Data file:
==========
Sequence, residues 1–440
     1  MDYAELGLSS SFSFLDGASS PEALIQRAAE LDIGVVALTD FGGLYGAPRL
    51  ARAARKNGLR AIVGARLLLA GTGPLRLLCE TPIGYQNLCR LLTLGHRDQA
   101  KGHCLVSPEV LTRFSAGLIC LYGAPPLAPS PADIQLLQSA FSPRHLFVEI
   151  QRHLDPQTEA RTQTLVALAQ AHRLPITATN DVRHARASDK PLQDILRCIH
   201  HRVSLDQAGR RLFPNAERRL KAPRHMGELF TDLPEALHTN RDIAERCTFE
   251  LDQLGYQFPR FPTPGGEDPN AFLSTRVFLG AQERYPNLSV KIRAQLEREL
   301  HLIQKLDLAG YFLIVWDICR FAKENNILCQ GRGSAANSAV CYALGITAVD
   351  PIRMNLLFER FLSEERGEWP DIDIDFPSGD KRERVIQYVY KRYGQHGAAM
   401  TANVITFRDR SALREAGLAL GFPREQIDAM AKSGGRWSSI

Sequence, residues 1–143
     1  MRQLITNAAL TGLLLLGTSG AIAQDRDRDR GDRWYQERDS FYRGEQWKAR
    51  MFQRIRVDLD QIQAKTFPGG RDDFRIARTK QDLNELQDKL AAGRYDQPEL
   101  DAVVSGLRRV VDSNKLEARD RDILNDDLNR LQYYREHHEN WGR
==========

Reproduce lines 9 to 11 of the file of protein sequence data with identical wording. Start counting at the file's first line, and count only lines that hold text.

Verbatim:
   351  PIRMNLLFER FLSEERGEWP DIDIDFPSGD KRERVIQYVY KRYGQHGAAM
   401  TANVITFRDR SALREAGLAL GFPREQIDAM AKSGGRWSSI

Sequence, residues 1–143